Thoughtful stuff, no doubt. And polemic too. If anything, the field of “financial econometrics” seems stronger than ever, with prominent academics and academic institutions devoting lots of attention to it, and with one of its inventors actually receiving the Nobel prize just a few years ago. And yet, it is hard not to agree with Taleb. When it comes to the financial markets econometric analysis is likely to be less relevant than usually assumed in theoretical circles.
At its core, econometrics is an attempt to forecast the future based on what happened in the past. As every former and present economics student worldwide can attest, this exercise can involve extremely complex statistical and mathematical maneuvers. Lately, econometrics has found its way into financial research, giving birth to the relatively newish discipline of financial econometrics. Past market data is used to predict future market movements, through the use of funky models with increasingly funkier names. But intelligently designed as these tools surely are, it is not easy to become a believer. Simple old-fashioned common sense ruthlessly dictates that past information should not be very useful in preciting the future of financial markets.
Why? Mostly because, as Taleb very originally points out, we would be trying to predict what current financial players are going to do based on what ancient players did in the past. In the markets, prices move for one reason only: human action. Clearly, each human being has their own, independent, decision-making capabilities. The financial prices of a certain historical period would be the result of the actions taken by those individuals active in the market at that time. Those prices thus reflect the average consensual decisions of the players that happened to be around, given the relevant circumstances then present.
Econometricians would try to use those prices to forecast the prices of several periods later (say, today). The problem is that many of those individuals originally involved in setting the prices included in the time series used in the analysis would by now be either dead or no longer active in the market. Econometricians would in fact be borrowing from inactive brains, attempting to predict the decision-making process of a group of independently-thinking individuals from the decision-making processes of a different group of independently-thinking individuals that are no longer around. Why should Peter´s particular stock pickings twenty years ago matter for predicting Paul´s particular stock pickings today, particularly since Peter has been retired in the Bahamas for the last decade? It might be sensible to use data from Peter´s past actions to predict Peter´s current actions, but it definitely looks a bit suspect to use that data as a predictor for the actions of another, different, unrelated human being.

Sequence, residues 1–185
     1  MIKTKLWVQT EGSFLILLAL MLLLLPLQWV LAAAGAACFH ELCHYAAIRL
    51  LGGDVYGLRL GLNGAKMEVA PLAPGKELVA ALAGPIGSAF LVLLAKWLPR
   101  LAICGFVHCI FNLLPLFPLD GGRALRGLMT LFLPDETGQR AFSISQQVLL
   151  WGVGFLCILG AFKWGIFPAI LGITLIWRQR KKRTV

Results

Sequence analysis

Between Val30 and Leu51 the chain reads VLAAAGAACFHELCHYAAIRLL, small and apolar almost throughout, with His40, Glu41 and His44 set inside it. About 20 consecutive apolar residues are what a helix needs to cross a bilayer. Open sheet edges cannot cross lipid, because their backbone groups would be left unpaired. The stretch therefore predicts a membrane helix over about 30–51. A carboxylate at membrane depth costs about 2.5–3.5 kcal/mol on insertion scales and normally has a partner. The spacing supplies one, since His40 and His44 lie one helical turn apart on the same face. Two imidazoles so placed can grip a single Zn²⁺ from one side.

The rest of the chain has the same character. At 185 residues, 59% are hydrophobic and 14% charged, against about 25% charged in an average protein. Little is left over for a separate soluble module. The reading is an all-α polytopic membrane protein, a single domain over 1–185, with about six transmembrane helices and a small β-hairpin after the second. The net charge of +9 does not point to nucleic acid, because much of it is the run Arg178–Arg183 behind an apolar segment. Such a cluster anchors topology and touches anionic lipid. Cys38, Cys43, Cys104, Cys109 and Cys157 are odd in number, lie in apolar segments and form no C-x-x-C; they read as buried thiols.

What financial econometricians are trying to do seems akin to predicting the number of goals to be scored by a football club next season by looking at the time series of goals historically scored by that club. Just like financial prices are the product of specific actions by very specific humans, goals at any one time are the direct result of the actions taken by those players then present in the pitch. As any football fan would tell you, it would be weird to try to infer anything relevant from goals-scored data that includes players that no longer play. There are simply different people involved. Since goals (like stock, bond, or commodity prices) are all about people it seems far-fetched to assume that historical time series can tell us much about the future, no matter how complex the techniques involved.
The fact that the legendary George Best managed to score 180 goals in his time at Manchester United in the 1960s tells us nothing about the scoring capabilities of today´s striker Wayne Rooney. Similarly, using past data to predict future financial prices seems like an exercise in reviving the dead.